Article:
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A dry enema is an alternative technique for cleansing the human rectum either for reasons of health, or for sexual hygiene. It is accomplished by squirting a small amount of sterile lubricant into the rectum, resulting in a bowel movement more quickly and with less violence than can be achieved by an oral laxative.
It is called "dry" by contrast to the more usual wet enema, because no water is used.
A rudimentary form of "dry" enema is the use of a non-medicated glycerin suppository. However, due to the relative hardiness of the suppository - necessary for its insertion into the human body - before the glycerin can act, it must be melted by the heat of the body, and hence it does not take effect for up to an hour. Often the hygroscopic glycerin irritates the sensitive membranes of the rectum resulting in forceful expulsion of the suppository without any laxative effects.
A quicker form of the dry enema utilizes the injection of a small amount of water-based lubricant such as KY Jelly into the rectum via a non-hypodermic syringe, such as an oral syringe, or from some other source. Then again since the glycerin itself is an effective producer of the desired contraction of the colonic muscles it is simpler - and more easily controlled - to introduce 5 - 10 cc of glycerin directly into the rectum. Specialist syringes are available for this purpose but are hard to find. An alternative is to use an enema nozzle which has an intake end which is compatible with a standard hypodermic syringe. This allows the immediate injection of the 5-10 ccs. required, and results can be expected in 2–4 minutes. Another alternative is to use a normal 5 or 10cc syringe inserted directly into the anus. This needs to be done carefully to avoid scratching the anal passage. The passage should be lubricated with sorbolene cream or any water-based lubricant. Only a syringe with a Luer-slip should be used, not a Luer-lock tip (a syringe end molded to take a screw-on needle). Penetration is better performed by the patient to eliminate any pain. The patient should be encouraged to wait at least 15 minutes in order that peristalsis can reach the full length of the rectum, but many will find this impossible and this treatment should therefore be applied only when the facilities to evacuate are nearby.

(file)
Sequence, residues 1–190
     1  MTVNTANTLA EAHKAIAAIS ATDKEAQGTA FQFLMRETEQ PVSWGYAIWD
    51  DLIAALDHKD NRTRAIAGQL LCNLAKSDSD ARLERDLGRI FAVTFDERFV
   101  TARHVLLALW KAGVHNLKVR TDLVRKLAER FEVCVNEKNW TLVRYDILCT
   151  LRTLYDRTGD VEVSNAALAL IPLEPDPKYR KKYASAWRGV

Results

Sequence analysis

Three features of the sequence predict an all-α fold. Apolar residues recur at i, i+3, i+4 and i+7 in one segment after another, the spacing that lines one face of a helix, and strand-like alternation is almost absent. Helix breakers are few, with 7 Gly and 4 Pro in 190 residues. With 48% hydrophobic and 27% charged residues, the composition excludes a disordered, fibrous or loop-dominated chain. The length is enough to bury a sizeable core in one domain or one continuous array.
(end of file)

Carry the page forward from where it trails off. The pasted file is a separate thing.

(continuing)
The usual amount of lubricant applied is about 2 tsp (10 cc), which will produce a movement in 30 minutes or less. The movement will be produced in a compact body, rather than in the more copious liquid form produced by a wet enema; and since no water is used, none will be retained higher up in the colon, to be expelled at a later, and possibly inconvenient, time.
A further advantage of this technique for sexual hygiene is that any slight remaining traces of fecal material will - due to the presence of the lubricant - tend to adhere to the wall of the rectum rather than to any foreign object which may subsequently be inserted.
- "Glycerin Suppository". American Cancer Society. American Cancer Society, Inc. Retrieved 9 May 2012.